Architecture Healthcare

Srijit Srinivas Architects designs hospice in southern India featuring louvered brick wall facade

June 14, 2020

Srijit Srinivas Architects has designed a hospice project in the southern Indian city of Thiruvananthapuram which provides free accommodation for cancer patients visiting locals hospitals.

Commissioned by The Malabar Province of the Order of Discalced Carmelite (OCD) – affiliated to the local Catholic Church – Benziger Hospice Home project was designed by Srijit Srinivas along with his team comprising Remya Raveendran, Viji B., Sriya, and Deepika. The 1,636m² project’s original brief was for five floors, which was eventually reduced to three stories encompassing 26 patient suites during project development.

One of the main challenges for the team was the odd shape of the site – with a square front portion markedly tapering to the rear with an offshoot to the left housing an existing building earmarked for future demolition. The design remit was to deliver a place of temporary stay for cancer patients which sensitively addresses their special needs and emotional vulnerabilities. The location in a crowded semi-urban setting called for adequate privacy measures to screen neighbouring residents’ views.

Other considerations included an ambulance entry from the front main gate leading up to the entry ramp, which was girded by a veranda with inbuilt brick seating integrated with trough planters containing high oxygenating plants. The service gate to the northern side allows the supply path to the kitchen plus maintenance access to the plant room.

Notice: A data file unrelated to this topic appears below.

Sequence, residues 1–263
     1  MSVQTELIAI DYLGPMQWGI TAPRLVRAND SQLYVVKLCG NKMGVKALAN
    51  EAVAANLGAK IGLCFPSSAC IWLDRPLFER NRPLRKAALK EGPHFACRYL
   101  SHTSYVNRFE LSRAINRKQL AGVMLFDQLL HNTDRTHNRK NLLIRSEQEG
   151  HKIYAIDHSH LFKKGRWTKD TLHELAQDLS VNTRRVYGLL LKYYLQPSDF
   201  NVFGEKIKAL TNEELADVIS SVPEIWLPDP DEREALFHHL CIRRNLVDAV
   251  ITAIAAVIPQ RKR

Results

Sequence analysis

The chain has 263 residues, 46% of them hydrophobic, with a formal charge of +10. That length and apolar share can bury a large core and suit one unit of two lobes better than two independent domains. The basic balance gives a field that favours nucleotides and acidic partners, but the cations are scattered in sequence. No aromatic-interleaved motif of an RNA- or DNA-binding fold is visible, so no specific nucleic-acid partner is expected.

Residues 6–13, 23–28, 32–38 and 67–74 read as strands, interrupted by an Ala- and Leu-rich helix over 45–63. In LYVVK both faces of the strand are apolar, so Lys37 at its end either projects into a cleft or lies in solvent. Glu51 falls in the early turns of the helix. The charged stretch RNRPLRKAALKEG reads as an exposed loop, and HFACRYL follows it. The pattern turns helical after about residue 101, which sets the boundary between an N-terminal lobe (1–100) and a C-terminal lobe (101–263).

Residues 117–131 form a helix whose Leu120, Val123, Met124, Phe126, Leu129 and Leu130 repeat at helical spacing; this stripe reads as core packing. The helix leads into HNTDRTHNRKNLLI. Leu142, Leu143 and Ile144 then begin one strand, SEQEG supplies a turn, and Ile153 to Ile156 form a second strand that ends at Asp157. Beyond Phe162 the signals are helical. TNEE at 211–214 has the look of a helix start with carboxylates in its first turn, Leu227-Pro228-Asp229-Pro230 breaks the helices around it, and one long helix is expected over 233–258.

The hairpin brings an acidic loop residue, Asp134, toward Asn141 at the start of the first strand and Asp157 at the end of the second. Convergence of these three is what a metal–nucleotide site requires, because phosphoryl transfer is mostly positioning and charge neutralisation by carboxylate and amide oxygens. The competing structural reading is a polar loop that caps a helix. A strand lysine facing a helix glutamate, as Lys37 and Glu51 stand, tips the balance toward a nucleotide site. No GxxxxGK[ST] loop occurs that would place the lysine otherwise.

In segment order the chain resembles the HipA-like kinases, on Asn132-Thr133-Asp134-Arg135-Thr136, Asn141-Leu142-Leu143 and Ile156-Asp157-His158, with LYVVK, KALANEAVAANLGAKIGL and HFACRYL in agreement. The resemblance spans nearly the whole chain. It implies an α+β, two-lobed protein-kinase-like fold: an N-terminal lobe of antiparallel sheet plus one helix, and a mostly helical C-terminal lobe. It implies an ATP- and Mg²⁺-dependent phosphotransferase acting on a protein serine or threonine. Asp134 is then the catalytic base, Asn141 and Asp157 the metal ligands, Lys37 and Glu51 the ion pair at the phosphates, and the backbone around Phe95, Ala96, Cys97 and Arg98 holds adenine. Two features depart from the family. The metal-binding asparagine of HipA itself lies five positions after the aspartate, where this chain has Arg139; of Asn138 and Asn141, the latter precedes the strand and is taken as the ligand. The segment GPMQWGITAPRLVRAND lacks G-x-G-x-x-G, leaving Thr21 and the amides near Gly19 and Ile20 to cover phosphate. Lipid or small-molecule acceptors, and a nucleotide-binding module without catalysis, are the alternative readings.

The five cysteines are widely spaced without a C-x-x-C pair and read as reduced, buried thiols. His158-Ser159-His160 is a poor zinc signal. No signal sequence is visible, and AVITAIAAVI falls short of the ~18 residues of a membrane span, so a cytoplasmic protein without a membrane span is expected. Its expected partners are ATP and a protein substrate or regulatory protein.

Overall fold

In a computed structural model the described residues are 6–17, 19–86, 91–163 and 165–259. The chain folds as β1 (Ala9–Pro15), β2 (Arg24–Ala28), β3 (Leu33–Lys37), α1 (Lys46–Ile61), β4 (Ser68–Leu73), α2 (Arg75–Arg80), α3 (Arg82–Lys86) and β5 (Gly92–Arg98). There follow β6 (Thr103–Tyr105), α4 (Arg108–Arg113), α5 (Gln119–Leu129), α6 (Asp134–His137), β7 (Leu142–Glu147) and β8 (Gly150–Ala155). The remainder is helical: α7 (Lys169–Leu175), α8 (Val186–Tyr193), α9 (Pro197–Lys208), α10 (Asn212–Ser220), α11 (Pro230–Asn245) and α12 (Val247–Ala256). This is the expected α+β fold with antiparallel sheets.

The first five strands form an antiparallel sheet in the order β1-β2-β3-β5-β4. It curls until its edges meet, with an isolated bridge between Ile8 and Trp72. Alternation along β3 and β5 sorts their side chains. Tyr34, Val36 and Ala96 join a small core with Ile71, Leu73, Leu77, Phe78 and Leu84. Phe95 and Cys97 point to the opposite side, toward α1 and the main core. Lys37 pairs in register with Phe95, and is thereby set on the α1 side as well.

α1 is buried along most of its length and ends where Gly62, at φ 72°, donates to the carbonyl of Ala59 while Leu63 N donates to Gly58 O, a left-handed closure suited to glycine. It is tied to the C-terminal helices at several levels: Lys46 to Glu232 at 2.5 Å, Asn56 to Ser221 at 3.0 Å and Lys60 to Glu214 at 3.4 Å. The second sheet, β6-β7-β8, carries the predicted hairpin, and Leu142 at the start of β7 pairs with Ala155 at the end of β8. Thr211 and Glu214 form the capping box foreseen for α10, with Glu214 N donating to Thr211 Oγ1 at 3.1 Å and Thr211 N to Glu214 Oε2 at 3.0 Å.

The ground floor lobby opens to an enclosed northerly landscaped area for patients’relaxation. The lobby with its cool, soothing micro-climate created by its landscaped central courtyard – replete with brick seating and louvered screen walls permitting horizontal and vertical cross ventilation – also facilitates visual lines of sight across the cross-sections of two floors above along with establishing emotional connectivity for the residents.

The natural texture and colour of brick, enhanced by the deliberate proportioning of spaces, and accentuated by the interplay of light and shadows (through brick louvers), endows the lobby area with a sense of warmth and calmness, which is simultaneously welcoming and cathartic for patients. The nurse’s station and director’s office are located adjacent to the lobby. The stairs and lift location allows for easy visibility and quick access to the residents’ suites.

The ground floor has a central dining space opening out to an external landscaped area, and serviced by a large commercial kitchen. Additional kitchenettes and tea stations are also located on individual floors. Overall, the architectural detailing was kept restrained and simple to keep the space calm. The patient care suites are all located on the first and second floors with each room having space for one patient along with either one or two carers. Suites fronting the site’s main entry have balconies with brickwork louvers allowing cool breeze while maintaining privacy for the residents.

A common congregation space has been provided on every floor, along with an activity room and a recreation-cum-TV room. The built form is contained within a simple geometry aiming to be pared down without the distracting clutter of accouterments. The external façade utilises a double-slanted louvered brickwork feature wall covering the recreation rooms across two floors and cantilevering over the ground floor while showcasing the architectural possibilities of the humble building material – brick.

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Photos: Prasanth Mohan, Running Studios

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